Philip Eskew, DO, JD, MBA; Member, ACOFP Federal Legislation and Advocacy Committee

The current volume of required documentation is a daily contributor to mental fatigue and job dissatisfaction for many family physicians. Spending non-reimbursed, expected time navigating a patient’s complicated history is challenging enough. Osteopathic family physicians should not need the skills of a software engineer to navigate a third party driven electronic medical record (EMR) interface. Unfortunately, we are not the end user of the EMR (and neither is our patient). The end user is the third party payor, for whom it was designed.

Whether we are checking a box for a quality metric that should not apply to our patient or find ourselves attempting to explain to a third party payor lacking medical training why a particular intervention is necessary—stressors all add up. Direct primary care (DPC) physicians are fortunate in not having to spend as much time on these types of particular third party inefficiencies. Some administrative inefficiencies are still faced by all providers. Let’s focus on three examples and what you can do to reduce stressors.

What do you do when your patient asks you to fill out prior authorization paperwork?

  1. Consider asking the patient to remain in the room with you during the entire process.
  2. Consider recording the phone call.
  3. Consider requiring that the third party payor or patient reimburse you for doing their time-consuming, required work. You can access sample forms or watch this video to learn more about this approach. Neither will likely pay the provider, but future requests for similar items may be discouraged.

What if your patient is having difficulty acquiring a cash price for a procedure, durable medical equipment, radiologic testing or a referral?

It is prudent to not spend time arguing with administrative workers at these other offices. Educate your patient about their Health Insurance Portability and Accountability Act rights as modified by the Health Information Technology for Economic and Clinical Health Act. Outside a few narrow circumstances all patients have a right to demand and receive cash pay pricing (even when they have insurance).

What if an insurance company is declining to pre-approve a requested radiologic study, imaging or procedure?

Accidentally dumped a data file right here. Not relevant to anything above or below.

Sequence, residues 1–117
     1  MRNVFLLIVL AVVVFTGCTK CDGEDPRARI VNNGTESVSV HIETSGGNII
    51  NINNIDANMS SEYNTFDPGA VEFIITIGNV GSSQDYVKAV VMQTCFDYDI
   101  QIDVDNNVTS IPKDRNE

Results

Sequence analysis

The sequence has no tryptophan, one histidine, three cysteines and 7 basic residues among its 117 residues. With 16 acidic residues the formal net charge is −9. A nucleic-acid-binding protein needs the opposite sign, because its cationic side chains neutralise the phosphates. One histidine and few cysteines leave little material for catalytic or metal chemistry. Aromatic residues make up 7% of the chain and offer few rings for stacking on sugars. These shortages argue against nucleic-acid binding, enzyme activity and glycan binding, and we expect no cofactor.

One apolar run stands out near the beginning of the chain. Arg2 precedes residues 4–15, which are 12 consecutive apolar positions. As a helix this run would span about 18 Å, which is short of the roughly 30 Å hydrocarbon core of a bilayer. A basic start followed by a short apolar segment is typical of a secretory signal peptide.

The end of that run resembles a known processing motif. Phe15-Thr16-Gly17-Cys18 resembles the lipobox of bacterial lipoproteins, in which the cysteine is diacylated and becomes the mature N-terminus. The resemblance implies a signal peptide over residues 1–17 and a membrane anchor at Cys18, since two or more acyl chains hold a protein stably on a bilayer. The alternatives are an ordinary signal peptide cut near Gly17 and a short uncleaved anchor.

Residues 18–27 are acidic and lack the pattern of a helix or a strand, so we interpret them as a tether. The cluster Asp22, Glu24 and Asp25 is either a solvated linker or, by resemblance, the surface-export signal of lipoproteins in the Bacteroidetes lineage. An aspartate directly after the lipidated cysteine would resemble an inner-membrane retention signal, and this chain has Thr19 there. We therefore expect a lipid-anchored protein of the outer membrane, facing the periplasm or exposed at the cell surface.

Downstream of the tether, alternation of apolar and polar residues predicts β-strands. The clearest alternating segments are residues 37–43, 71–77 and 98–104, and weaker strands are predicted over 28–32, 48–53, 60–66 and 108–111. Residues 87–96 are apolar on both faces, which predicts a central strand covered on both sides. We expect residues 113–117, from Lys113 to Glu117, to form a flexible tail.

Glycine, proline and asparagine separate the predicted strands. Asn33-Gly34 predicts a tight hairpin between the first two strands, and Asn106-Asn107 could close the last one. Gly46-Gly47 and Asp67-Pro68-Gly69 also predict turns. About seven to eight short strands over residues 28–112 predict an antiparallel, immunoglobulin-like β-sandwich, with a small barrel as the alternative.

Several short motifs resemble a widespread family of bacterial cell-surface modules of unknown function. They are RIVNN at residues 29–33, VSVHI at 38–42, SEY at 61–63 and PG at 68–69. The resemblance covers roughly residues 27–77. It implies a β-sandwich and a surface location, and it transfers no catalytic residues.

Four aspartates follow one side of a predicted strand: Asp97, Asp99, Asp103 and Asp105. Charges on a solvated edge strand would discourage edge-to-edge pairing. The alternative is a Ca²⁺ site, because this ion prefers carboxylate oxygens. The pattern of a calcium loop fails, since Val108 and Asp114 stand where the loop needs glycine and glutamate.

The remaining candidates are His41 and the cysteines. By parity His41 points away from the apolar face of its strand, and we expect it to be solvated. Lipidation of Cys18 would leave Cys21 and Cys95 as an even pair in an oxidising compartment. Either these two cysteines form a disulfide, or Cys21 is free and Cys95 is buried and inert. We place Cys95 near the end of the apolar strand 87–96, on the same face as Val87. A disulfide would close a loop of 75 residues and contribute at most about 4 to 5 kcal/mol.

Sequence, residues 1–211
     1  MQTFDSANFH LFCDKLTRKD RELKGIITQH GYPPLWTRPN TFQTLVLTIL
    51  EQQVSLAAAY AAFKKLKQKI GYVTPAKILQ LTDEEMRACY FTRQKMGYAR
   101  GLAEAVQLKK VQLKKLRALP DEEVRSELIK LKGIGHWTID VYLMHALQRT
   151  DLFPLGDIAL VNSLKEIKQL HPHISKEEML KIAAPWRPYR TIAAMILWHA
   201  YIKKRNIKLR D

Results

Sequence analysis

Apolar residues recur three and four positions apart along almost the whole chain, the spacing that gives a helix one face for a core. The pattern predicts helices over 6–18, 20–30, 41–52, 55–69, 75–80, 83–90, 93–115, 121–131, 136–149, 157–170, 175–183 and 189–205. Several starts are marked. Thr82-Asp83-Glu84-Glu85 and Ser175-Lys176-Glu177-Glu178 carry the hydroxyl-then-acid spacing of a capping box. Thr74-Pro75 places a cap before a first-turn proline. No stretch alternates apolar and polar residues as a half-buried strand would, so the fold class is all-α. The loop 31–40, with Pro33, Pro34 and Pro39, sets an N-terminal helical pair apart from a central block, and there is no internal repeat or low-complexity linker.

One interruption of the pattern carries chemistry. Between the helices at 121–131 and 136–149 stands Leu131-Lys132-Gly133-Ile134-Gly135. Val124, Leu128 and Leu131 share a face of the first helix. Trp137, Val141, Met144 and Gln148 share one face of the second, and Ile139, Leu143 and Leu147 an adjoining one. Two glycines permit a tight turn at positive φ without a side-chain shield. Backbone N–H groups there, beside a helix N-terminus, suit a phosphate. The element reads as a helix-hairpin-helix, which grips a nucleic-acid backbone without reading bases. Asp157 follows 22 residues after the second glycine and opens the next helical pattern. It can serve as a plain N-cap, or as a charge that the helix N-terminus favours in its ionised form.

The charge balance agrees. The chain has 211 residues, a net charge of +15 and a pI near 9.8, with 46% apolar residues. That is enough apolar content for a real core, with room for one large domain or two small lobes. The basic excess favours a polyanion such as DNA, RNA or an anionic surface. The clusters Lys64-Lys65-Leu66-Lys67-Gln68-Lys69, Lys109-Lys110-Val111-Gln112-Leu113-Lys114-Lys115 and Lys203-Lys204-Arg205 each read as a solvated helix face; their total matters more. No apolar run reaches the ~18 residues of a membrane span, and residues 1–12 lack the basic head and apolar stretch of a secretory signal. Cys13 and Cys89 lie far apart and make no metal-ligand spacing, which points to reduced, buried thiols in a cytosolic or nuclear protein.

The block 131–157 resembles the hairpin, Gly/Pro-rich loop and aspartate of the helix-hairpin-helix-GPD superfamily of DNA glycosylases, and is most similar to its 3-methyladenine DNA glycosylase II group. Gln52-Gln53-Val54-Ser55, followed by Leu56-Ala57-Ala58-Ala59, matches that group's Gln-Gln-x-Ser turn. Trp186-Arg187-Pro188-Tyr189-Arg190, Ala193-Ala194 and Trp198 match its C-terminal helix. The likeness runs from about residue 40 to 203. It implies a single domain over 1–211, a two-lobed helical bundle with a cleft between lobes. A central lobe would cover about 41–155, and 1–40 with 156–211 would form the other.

Demand a peer-to-peer call and request that your patient be present during the call, informing them that the patient is present. Explain things once via phone and then with a follow-up letter (copying to the patient) that explains why the intervention is necessary. If the request is denied there is no need to have a lengthy back and forth with the insurer. Now the patient has witnessed the exchange, and you can allow the patient to decide what to do next. The patient could:

  1. Appeal by following insurance company procedures,
  2. File a medical board complaint against the denying physician, or
  3. Seek legal action having an attorney contact the third party payor.

2022 ACOFP Principles of Healthcare System Reform: Reducing Unnecessary Paperwork Requirements

ACOFP recognizes that burdensome paperwork requirements are contributing to the physician shortage and are ultimately inhibiting appropriate and accessible patient care, and the call to reduce these unnecessary requirements is one of our 2022 Principles of Healthcare System Reform.

Federal programs from the U.S. Centers for Medicare and Medicaid Services (CMS) like the Medicare Quality Payment Program are intended to improve patient care while reducing spending but unfortunately have also increased the administrative burden on physicians. Other programs—such as the U.S. Centers for Disease Control and Prevention’s Patients Over Paperwork initiative and Meaningful Measures Framework—have attempted to reduce paperwork requirements, and the U.S. Health Resources and Services Administration—through the U.S. Department of Health and Human Services—announced plans to distribute funding intended to strengthen resiliency and address burnout in the healthcare workforce. Despite these measures, ACOFP believes more must be done.

In response to the desire to improve efficiencies to osteopathic family physicians, since late 2020, ACOFP has identified, monitored, and pursued advocacy opportunities, including the following, to address reducing burdensome paperwork requirements:

Hopefully, these activities will give physicians ideas on how to reduce burdensome documentation, alert and educate our elected officials about the difficulties associated with redundant/unnecessary paperwork, and demonstrate to our membership these problems, leading to possible resolution.

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